One of the most important HR activities in any organization is training. It is part of the onboarding process for new employees who cannot be expected to be 100% job ready on day one. It is part on an ongoing employee development program that makes employees ready for new roles that enable them to advance their careers. It is also necessary to deal with organizational changes. There are three main concerns with training—what to train, how to train and whether the training achieved its purpose. The last concern, often overlooked, addresses the bottom line—did the training work? To answer that question, you must evaluate the training against criteria, and the Kirkpatrick four levels of criteria are considered the gold standard. But what are the Kirkpatrick levels of training evaluation?
Setting Training Objectives
Training in organizations is generally designed with a specific purpose in mind. Ideally, the goals of training are based on a training needs assessment that identifies where training is most needed. Needs assessment can be conducted in a number of ways to identify gaps in employee knowledge, skill, ability and other characteristics—the KSAOs. This can be for the job employees currently have where additional skills need to be developed to improve performance. It can be part of future planning to adapt to changing government regulations, evolving policies and procedures, or new technologies. It can be driven by growth and the projection of future talent needs. Regardless of what is driving it, the most efficient use of training resources is to base their deployment on a needs assessment.
Once the needs assessment is completed, specific training objectives can be noted. These objectives define the changes that are expected in employees due to training and how those changes might affect organizations. The objectives inform the evaluation, as they specify what should be assessed to determine training effectiveness. In other words, each objective needs to be operationalized by choosing a way to measure whether it was achieved. For example, if the objective of production workers’ skills training is to decrease manufacturing defects, a count of warranty returns would be a reasonable measure.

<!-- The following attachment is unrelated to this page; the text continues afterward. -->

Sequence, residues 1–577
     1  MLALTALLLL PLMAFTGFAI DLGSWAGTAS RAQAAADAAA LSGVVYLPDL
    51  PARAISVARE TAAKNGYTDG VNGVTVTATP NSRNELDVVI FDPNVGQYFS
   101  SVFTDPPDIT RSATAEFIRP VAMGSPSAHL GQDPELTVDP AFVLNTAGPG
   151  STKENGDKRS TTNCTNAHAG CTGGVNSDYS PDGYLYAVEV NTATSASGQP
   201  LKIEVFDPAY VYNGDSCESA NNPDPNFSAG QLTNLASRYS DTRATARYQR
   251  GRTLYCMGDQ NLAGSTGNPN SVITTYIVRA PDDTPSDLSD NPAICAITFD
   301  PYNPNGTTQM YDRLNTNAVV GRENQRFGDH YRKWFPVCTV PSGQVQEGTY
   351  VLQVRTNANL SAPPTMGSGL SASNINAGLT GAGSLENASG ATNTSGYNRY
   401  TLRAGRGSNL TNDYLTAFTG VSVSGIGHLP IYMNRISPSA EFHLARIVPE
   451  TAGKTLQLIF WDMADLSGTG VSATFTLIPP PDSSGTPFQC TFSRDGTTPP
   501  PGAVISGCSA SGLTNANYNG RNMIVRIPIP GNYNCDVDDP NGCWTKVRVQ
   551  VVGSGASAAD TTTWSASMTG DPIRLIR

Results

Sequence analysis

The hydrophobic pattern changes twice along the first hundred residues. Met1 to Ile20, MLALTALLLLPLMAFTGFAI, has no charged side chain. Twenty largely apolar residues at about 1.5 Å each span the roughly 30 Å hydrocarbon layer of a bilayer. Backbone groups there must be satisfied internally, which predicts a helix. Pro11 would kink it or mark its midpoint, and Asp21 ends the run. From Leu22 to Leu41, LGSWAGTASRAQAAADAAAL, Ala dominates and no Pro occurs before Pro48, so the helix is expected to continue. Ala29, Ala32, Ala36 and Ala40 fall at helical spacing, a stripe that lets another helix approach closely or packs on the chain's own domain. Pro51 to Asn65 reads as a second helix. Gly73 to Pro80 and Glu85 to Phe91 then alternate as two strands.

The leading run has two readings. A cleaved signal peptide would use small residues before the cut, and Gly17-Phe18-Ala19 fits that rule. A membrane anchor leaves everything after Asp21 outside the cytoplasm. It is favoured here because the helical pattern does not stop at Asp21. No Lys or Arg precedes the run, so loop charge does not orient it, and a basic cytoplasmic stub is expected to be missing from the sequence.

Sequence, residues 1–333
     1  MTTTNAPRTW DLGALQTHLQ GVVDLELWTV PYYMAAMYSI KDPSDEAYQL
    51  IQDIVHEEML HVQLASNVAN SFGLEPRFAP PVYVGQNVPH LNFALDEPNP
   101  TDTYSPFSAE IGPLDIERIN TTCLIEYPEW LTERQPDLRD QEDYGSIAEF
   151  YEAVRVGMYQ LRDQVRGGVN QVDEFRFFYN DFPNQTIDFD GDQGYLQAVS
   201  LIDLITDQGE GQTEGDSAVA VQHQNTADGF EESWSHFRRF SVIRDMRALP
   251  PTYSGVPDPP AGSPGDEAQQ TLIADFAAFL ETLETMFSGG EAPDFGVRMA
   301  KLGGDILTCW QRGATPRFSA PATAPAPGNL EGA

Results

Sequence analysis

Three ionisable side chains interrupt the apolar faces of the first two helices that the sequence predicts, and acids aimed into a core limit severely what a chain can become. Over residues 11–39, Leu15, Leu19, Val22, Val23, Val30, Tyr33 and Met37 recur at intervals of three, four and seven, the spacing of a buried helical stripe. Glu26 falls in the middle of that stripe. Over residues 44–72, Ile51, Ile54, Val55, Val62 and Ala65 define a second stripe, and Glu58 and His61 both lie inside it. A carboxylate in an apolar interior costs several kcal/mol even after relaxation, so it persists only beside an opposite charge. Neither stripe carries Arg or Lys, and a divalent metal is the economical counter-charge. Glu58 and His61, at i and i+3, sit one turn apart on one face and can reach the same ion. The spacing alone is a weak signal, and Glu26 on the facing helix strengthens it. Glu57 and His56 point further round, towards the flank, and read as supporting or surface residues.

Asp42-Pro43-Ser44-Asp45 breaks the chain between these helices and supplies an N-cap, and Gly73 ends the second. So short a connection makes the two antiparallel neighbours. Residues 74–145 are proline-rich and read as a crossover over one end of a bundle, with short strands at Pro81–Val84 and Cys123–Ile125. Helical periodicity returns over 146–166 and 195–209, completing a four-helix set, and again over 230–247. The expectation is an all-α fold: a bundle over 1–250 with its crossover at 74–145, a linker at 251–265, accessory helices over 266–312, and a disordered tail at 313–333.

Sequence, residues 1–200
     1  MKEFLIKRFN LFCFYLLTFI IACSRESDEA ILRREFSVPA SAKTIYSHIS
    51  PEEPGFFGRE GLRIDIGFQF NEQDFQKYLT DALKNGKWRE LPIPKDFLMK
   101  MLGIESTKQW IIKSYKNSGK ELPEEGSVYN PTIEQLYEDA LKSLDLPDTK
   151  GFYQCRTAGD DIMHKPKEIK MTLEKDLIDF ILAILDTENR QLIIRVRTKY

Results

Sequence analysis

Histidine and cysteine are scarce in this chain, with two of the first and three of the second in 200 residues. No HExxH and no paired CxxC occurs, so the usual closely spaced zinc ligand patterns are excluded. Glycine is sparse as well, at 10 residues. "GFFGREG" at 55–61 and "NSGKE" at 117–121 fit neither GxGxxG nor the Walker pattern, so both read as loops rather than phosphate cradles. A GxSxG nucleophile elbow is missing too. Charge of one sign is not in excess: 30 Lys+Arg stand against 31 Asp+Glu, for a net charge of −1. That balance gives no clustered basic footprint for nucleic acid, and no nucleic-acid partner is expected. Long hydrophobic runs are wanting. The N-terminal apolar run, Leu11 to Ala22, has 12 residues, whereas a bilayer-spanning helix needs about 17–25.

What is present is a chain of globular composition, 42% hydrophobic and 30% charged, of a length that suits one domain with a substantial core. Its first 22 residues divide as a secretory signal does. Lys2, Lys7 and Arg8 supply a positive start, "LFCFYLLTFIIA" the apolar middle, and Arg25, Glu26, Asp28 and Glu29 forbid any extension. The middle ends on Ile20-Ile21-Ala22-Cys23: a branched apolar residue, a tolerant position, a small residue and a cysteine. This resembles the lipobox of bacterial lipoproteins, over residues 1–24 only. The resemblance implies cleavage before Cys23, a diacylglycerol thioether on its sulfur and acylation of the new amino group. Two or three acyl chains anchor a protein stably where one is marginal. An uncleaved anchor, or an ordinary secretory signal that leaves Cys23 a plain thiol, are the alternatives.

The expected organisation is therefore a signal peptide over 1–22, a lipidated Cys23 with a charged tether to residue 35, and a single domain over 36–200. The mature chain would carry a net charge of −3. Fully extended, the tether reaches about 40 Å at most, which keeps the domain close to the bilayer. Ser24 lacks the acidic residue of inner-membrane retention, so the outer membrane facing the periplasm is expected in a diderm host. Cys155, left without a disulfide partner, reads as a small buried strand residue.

What Are the Kirkpatrick Levels of Training Evaluation?
Training can have multiple effects on employees and organizations. Some of those effects occur at the time of training, and some of those effects occur later when the person returns to the job. The Kirkpatrick four levels focus on both immediate effects on employees during the training, and on the longer-term impact on employees and organizations beyond the training. The levels are:
- Reactions are assessed at the conclusion of training to determine the immediate impact on employees. Did they enjoy the training, were they engaged, and did they feel it was valuable? Positive reactions are important because they reflect attitudes toward training that can have consequences for later application of what was trained. Negative feelings toward training can result in resistance by employees to trying what was trained on the job. Reactions are assessed with a questionnaire administered at the end of training.
- Learning is simply a measure of what was acquired during the training. It can be assessed by comparing level of knowledge or skill proficiency before to after training by means of pre-test and post-test assessments. These assessments can indicate that what was intended was learned, but it does not guarantee application of new capabilities back on the job.
- Behavior focuses on what those trained do differently on the job after training. Are they applying new knowledge or skill? Do they perform their jobs differently? This can be measured by consulting records, or asking others (customers, peers, or supervisors) to evaluate behavior. As with knowledge, this can be assessed by comparing before to after training.
- Results are the bottom-line outcome of the training. It is the results of behavior change and whether it drives important outcomes. Does sales skills training result in higher sales? Does leadership training result in better employee retention? Does safety training result in fewer accidents? The nature of the outcome determines which assessment makes the most sense.
The four Kirkpatrick levels are often used together as each tells a different part of the story. Too often organizations stop with level 1, but to really determine if training resources are being well spent, all four levels are needed to paint a complete picture. Being able to trace the impact of training from reactions to results can help ensure that investment of resources in training really contributes to the bottom line.
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